dpkg -i packageName.debInstalls a DEB package
dpkg -r packageNameRemoves a DEB package
dpkg -l | grep -i installedLists all installed DEB packages
yum updateUpdates all system packages
yum install packageNameInstalls a package
yum remove packageNameRemoves a package
yum listLists all packages in all repositories
rpm -i packageName.rpmInstalls an RPM package
rpm -e packageNameRemoves an RPM package

Compress and Uncompress Commands

In Linux, compress and uncompress commands are used to reduce the size of files or directories (compression) and restore them to their original size (uncompression or extraction). They are essential for data storage, file transfer, and for saving bandwidth on the internet. Tools like ‘tar’, ‘gzip’, ‘zip’, and ‘unzip’ are widely used for these tasks.

tar cf file.tar filesCreates a tarball
tar xf file.tarExtracts from a tarball
tar czf file.tar.gz filesCreates a tarball with gzip compression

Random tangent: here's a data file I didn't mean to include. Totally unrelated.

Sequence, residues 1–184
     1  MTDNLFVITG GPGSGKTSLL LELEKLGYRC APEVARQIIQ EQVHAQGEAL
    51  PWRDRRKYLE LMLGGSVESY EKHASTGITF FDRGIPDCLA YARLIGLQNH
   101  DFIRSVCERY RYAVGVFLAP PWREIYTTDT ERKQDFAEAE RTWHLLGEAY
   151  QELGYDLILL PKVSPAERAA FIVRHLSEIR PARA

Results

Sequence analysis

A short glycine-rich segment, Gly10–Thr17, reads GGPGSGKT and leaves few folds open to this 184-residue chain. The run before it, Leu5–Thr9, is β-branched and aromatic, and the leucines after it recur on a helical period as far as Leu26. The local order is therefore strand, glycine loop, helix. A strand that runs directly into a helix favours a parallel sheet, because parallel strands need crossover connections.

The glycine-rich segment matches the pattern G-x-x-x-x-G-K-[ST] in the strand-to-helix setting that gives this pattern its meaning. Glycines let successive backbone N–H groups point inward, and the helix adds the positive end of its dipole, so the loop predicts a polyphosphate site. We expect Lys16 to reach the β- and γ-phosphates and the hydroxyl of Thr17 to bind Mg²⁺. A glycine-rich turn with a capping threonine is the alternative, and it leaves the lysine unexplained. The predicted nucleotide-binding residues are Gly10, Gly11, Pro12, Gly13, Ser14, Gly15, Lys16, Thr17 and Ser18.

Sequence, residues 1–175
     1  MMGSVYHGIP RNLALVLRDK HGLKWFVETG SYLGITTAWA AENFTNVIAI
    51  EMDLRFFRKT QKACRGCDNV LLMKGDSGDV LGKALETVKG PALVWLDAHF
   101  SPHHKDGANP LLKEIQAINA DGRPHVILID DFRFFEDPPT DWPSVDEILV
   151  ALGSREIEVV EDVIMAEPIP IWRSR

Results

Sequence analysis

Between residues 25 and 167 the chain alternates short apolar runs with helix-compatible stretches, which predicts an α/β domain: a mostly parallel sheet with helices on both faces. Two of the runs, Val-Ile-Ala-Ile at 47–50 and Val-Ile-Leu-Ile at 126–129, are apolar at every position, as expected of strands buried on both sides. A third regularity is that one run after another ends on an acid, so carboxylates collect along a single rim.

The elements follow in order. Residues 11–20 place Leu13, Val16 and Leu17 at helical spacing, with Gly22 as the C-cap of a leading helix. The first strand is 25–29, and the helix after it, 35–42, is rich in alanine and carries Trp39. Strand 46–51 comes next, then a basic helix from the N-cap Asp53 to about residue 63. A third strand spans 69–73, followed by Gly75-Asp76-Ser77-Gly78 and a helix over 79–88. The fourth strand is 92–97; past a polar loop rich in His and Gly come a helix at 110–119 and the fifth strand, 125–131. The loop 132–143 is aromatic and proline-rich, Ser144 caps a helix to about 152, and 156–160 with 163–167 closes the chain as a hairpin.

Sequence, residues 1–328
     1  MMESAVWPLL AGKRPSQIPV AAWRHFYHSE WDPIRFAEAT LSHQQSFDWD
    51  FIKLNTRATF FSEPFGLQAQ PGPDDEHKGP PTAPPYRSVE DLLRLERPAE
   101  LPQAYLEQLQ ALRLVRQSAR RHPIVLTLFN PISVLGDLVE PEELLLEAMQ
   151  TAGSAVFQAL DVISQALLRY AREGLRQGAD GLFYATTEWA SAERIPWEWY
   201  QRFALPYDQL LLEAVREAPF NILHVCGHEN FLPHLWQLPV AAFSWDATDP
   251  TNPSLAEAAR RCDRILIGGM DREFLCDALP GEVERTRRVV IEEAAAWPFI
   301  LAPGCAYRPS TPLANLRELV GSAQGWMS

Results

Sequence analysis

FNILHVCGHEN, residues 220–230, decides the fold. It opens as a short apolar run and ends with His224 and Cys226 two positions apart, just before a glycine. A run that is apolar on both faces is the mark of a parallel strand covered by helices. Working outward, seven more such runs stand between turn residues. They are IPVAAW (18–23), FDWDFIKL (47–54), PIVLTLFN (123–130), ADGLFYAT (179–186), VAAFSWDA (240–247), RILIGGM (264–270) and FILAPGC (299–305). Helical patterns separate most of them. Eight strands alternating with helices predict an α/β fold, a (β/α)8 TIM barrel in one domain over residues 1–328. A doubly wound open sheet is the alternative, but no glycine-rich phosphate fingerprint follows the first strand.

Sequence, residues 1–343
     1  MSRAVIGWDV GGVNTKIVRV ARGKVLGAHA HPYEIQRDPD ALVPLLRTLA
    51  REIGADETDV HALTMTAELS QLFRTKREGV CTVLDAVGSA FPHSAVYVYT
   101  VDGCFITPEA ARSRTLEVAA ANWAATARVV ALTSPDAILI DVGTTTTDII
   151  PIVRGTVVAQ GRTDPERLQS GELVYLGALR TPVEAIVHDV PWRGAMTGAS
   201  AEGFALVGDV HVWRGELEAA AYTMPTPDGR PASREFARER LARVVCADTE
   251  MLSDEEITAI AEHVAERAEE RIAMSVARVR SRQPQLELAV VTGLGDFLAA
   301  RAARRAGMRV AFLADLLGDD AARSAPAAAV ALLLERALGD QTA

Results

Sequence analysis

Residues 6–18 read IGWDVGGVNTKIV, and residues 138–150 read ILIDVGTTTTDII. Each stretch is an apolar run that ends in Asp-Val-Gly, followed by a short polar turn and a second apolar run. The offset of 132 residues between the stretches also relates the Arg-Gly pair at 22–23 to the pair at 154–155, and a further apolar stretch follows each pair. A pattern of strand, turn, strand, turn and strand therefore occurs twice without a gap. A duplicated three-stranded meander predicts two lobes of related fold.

tar xzf file.tar.gzExtracts from a gzip compressed tarball
tar cjf file.tar.bz2 filesCreates a tarball with bzip2 compression
tar xjf file.tar.bz2Extracts from a bzip2 compressed tarball
tar -cvf filename.tar filenameCreates a tarball with verbose output
tar -xvf filename.tarExtracts from a tarball with verbose output
tar -tvf filename.tarLists the contents of a tarball
tar -xvf filename.tar file1.txtExtracts a specific file from a tarball
tar -rvf filename.tar file2.txtAppends a file to a tarball
gzip fileCompresses a file with gzip, resulting in file.gz
gunzip file.gzDecompresses a gzip file
zip file.zip filesCreates a zip archive
unzip file.zipExtracts files from a zip archive
zip filename.zip file1.txt file2.txt file3.txtAdds multiple files to a zip archive
zip -u filename.zip file4.txtAdds or updates a file in a zip archive
zip -d filename.zip file4.txtDeletes a file from a zip archive
unzip -l filename.zipLists the contents of a zip archive
unzip filename.zip -d /dirnameExtracts files from a zip archive to a specific directory